Wanda tells us, again and again, “I’m not a monster, I’m a mother.” While recent endeavors into feminist horror have worked to critique this trope of mother monster, Wanda’s representation in Multiverse of Madness only serves to replicate this archetype—that there are good mothers and there are bad mothers, that women’s entire sense of identity and moral rectitude comes from their relationship to and orientation around reproduction and motherhood, and that one of the greatest threats to society, and indeed the multiverse, is an unhinged mother.
2021 gave us new ways to think about virtual presence and digital connection through Minecraft; the role of a mediated and mediatized grief in Wandavision; the Marxist politics underlying GameStop stock; the ongoing importance of centering repatriation in the practice of archaeology; and the bureaucratic magic of Loki.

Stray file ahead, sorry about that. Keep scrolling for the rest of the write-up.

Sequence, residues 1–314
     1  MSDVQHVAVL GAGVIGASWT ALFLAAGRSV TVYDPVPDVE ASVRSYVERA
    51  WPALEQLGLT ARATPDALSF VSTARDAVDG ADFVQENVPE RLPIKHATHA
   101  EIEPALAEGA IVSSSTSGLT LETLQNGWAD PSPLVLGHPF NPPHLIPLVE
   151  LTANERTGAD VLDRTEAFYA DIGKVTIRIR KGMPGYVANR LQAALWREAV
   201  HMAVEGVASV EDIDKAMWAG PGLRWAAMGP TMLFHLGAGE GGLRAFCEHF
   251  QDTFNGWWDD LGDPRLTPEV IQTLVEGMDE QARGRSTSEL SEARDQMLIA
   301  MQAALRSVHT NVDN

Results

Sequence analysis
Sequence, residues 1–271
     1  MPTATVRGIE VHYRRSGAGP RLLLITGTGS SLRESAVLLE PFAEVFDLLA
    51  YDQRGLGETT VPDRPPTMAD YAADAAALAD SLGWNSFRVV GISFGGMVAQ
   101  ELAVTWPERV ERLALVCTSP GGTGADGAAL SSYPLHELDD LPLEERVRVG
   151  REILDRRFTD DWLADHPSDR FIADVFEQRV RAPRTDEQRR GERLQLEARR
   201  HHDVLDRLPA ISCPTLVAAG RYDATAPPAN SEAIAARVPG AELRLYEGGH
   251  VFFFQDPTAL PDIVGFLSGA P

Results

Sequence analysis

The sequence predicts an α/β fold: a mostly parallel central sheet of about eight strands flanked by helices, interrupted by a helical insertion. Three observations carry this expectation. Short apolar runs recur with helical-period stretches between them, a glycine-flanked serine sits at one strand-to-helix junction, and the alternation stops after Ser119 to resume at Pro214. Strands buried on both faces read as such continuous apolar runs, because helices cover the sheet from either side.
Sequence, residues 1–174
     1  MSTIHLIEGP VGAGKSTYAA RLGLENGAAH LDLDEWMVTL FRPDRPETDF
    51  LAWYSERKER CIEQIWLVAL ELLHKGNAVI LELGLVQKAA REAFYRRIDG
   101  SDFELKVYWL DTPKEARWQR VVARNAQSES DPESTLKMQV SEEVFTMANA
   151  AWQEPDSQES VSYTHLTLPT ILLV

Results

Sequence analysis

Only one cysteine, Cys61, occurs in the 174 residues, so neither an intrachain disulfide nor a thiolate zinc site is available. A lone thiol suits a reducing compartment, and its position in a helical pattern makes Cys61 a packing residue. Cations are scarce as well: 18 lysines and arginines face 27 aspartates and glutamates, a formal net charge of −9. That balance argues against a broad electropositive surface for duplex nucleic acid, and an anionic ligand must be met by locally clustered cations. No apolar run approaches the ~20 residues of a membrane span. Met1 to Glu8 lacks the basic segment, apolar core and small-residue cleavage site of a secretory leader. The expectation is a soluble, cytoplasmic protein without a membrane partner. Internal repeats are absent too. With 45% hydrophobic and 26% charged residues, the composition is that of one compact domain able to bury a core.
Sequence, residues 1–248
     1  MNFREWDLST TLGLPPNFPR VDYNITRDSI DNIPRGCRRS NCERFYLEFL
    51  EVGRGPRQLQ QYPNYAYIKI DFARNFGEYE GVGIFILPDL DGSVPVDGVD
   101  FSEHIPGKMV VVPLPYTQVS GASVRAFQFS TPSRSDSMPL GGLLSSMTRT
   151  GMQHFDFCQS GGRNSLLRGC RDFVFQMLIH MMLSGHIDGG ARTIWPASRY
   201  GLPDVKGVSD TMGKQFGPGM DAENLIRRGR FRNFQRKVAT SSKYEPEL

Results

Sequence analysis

“Wanda has unwittingly cast her own tribunal of witnesses, those who are forced to not only see what she’s gone through (the nightmares), but to also quite literally embody and feel the physical pain of her grief. Rather than relying on the story of the traumatic event itself, these residents-cum-performers must experience haptic grief, a kind of sensory solidarity with Wanda. They are the only ones available—though not necessarily willingly—to bear witness to her pain without demanding it be told through a careful and convenient narrative.”